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The Conservative Party’s chief whip has ordered an investigation into allegations a Tory MP watched pornography on his phone in the Commons chamber.

The party’s whips office said on Wednesday evening the chief whip "has asked that this matter be referred to the Independent Complaints and Grievance Scheme (ICGS)".

"Upon the conclusion of any ICGS investigation, the chief whip will take appropriate action," the chief whip’s spokesman added.

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It is believed the accusation was made during a meeting of the 2022 yesterday – the female grouping of the 1922 group of Conservative backbench MPs.

Around 50 to 60 female Conservative MPs are said to have been present at the meeting.

Sky News understands that two individuals in attendance told Chief Whip Chris Heaton-Harris how they had witnessed an MP watching pornography both in the chamber and in a committee.

It comes in response to reports in The Sun and Daily Mirror that the MP – reported to be a Tory frontbencher – was watching pornography on a mobile phone while sitting alongside a female minister.

One MP in attendance told Sky News that Mr Heaton-Harris looked "horrified" and asked for the man’s identity.

Pressed on the matter later on Wednesday, the PM’s press secretary told reporters: "Obviously, it is wholly unacceptable behaviour and it is being looked into."

The government’s safeguarding minister, Rachel Maclean, told Sky News she was in the 2022 meeting and said "none of us could believe our ears…we were just all shocked and horrified".

She added that she wanted to see the MP "out of parliament, out of the party", and added: "There’s no place for this in our party."

Asked if Sir Keir Starmer had any views on the matter, a Labour Party spokesman said: "Yeah, it’s a sackable offence."

According to Sky News’ political editor Beth Rigby, the women have subsequently spoken to the chief whip and named the man.

The Mirror newspaper reports that those also in attendance at the meeting included Tory party chairman Oliver Dowden, Commons Leader Mark Spencer and former prime minister Theresa May.

Sexual misconduct ‘grounds for dismissal’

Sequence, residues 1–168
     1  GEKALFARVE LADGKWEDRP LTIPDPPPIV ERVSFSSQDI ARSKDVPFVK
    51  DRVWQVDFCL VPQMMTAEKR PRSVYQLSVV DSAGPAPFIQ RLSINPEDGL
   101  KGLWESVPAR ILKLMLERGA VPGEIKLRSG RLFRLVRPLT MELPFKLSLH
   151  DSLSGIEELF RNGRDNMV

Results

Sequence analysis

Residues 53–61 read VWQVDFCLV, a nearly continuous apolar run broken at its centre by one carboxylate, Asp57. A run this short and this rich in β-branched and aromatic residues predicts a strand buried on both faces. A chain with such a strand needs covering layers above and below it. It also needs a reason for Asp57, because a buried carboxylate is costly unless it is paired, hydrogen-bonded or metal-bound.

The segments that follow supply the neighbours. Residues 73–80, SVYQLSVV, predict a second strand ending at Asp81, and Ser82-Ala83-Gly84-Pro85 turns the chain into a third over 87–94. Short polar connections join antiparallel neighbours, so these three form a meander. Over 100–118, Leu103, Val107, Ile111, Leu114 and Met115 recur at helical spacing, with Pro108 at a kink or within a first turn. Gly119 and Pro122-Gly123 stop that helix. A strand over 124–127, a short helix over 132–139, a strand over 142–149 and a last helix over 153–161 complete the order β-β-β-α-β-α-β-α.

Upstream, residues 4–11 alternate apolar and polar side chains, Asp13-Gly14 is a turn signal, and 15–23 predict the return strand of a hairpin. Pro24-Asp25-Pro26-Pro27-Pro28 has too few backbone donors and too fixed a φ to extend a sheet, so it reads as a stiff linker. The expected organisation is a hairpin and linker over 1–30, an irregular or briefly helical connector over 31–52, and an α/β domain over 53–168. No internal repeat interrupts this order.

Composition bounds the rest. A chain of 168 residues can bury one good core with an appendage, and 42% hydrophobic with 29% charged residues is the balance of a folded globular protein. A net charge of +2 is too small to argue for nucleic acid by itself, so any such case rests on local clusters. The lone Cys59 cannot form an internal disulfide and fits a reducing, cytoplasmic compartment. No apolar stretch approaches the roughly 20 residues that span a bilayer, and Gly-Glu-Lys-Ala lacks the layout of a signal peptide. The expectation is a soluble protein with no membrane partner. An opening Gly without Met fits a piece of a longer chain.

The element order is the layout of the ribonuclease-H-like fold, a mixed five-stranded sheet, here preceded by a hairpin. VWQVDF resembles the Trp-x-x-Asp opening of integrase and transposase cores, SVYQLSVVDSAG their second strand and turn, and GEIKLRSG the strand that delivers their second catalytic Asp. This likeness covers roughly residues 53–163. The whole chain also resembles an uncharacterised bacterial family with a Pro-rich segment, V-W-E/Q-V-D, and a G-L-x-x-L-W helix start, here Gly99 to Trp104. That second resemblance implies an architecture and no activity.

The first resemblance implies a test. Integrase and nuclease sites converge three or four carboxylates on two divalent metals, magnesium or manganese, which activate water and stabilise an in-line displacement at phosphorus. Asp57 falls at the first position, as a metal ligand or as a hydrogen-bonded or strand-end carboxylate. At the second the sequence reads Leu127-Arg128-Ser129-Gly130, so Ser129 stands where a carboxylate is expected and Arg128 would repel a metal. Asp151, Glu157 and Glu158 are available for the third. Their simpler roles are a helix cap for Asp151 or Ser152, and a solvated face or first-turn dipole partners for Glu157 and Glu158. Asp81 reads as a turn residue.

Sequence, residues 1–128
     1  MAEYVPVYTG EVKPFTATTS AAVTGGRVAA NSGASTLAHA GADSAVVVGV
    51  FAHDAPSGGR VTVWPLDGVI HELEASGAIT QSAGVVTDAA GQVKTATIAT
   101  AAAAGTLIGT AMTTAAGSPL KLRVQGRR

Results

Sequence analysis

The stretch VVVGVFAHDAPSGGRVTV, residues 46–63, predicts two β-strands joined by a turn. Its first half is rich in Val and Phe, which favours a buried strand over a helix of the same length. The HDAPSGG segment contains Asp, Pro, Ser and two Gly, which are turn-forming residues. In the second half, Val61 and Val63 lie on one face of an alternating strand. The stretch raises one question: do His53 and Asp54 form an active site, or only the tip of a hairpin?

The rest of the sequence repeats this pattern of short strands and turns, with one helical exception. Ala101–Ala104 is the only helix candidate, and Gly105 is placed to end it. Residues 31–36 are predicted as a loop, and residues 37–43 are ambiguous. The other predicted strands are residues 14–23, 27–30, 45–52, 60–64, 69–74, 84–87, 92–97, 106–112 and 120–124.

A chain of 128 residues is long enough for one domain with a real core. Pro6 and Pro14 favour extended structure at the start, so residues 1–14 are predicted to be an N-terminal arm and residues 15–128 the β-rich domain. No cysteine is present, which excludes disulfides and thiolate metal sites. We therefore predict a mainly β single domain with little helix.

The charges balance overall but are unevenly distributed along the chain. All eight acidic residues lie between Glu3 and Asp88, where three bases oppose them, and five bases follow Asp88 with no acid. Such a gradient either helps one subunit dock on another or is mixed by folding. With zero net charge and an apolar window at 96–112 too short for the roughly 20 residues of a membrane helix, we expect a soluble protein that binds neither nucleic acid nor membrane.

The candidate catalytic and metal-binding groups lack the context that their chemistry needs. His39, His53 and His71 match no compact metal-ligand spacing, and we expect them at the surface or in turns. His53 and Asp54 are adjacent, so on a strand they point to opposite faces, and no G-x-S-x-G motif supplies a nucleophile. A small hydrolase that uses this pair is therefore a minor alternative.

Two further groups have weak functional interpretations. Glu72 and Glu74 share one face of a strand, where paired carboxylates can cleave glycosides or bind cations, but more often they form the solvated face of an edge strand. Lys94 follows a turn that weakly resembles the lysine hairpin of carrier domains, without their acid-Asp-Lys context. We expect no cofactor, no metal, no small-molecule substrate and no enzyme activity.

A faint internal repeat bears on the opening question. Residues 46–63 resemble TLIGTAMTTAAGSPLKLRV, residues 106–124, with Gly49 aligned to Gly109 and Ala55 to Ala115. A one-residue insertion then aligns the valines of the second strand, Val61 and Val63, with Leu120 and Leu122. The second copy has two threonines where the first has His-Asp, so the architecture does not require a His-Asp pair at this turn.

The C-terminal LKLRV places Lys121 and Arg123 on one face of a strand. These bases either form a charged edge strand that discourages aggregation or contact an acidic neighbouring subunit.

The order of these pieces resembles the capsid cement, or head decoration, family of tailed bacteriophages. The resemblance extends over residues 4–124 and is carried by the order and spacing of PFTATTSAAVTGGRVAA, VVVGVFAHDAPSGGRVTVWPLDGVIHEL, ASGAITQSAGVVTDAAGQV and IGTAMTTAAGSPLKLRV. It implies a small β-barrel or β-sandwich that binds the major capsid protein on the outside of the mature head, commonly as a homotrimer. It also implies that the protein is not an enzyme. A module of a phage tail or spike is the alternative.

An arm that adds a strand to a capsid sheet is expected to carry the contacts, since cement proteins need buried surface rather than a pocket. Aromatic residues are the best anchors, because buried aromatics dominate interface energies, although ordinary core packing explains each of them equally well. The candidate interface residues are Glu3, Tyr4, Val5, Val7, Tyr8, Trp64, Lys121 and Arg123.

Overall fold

The meeting came amid reports that dozens of MPs, including three Cabinet ministers, are facing allegations of sexual misconduct referred to the Independent Complaints and Grievances Scheme (ICGS).

The scheme was set up in the aftermath of the #MeToo movement and is Parliament’s mechanism for handling complaints of bullying, harassment or sexual misconduct.

The Sunday Times newspaper reported over the weekend that the 56 MPs face allegations ranging from making sexually inappropriate comments to more serious wrongdoing.

Asked about the newspaper’s original report at Prime Minister’s Questions, Boris Johnson agreed that sexual misconduct would be "grounds for dismissal" for ministers.

Appearing on Sky News’ Ridge on Sunday programme last weekend, Conservative Party chairman Mr Dowden was asked if Westminster is a safe place to be a woman.

"I think actually we’ve made big improvements over the past 20 or 30 years," he said.

"Some of the things that happened, I’m sure, when you were a young reporter and when I started out in Westminster certainly wouldn’t happen now, and I think that’s something that has improved very much for the better."

Rayner hits back at ‘misogynistic’ article

Meanwhile, Labour’s deputy leader Angela Rayner condemned a "sexist" and "misogynistic" Mail on Sunday article which claimed Tory MPs have accused her of a ‘Basic Instinct’ ploy to distract the PM.

Labour’s deputy leader was accused of deliberately distracting Mr Johnson by crossing and uncrossing her legs, and the story has received a huge backlash following its publication.

In response to the article in last weekend’s Mail on Sunday, the prime minister tweeted that he respected Ms Rayner and deplored the "misogyny directed at her anonymously today".

The editor of the Mail on Sunday refused to meet the Commons Speaker Sir Lindsay Hoyle over the newspaper’s "misogynistic" report.

David Dillon declined an invitation to meet Sir Lindsay Hoyle to discuss anonymous claims published in the newspaper, stating in a letter he would not be attending the meeting because journalists should "not take instruction from officials of the House of Commons, however august they may be".

Read more:
Angela Rayner says she had to prepare her teenage sons for ‘misogynistic’ article

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